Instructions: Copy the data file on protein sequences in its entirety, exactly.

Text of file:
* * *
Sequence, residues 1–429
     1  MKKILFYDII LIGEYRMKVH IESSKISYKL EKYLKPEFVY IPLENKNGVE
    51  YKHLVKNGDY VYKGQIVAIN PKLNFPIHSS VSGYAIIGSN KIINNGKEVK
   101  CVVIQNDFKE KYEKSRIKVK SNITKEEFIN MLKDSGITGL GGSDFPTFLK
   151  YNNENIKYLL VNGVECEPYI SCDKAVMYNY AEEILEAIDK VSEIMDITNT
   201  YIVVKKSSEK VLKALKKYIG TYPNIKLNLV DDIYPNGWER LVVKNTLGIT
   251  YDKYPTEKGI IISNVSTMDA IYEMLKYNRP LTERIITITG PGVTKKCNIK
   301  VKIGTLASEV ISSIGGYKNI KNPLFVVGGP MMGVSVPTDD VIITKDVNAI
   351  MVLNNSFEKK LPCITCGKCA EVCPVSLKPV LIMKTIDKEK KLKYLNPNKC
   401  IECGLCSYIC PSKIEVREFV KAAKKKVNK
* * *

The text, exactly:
Sequence, residues 1–429
     1  MKKILFYDII LIGEYRMKVH IESSKISYKL EKYLKPEFVY IPLENKNGVE
    51  YKHLVKNGDY VYKGQIVAIN PKLNFPIHSS VSGYAIIGSN KIINNGKEVK
   101  CVVIQNDFKE KYEKSRIKVK SNITKEEFIN MLKDSGITGL GGSDFPTFLK
   151  YNNENIKYLL VNGVECEPYI SCDKAVMYNY AEEILEAIDK VSEIMDITNT
   201  YIVVKKSSEK VLKALKKYIG TYPNIKLNLV DDIYPNGWER LVVKNTLGIT
   251  YDKYPTEKGI IISNVSTMDA IYEMLKYNRP LTERIITITG PGVTKKCNIK
   301  VKIGTLASEV ISSIGGYKNI KNPLFVVGGP MMGVSVPTDD VIITKDVNAI
   351  MVLNNSFEKK LPCITCGKCA EVCPVSLKPV LIMKTIDKEK KLKYLNPNKC
   401  IECGLCSYIC PSKIEVREFV KAAKKKVNK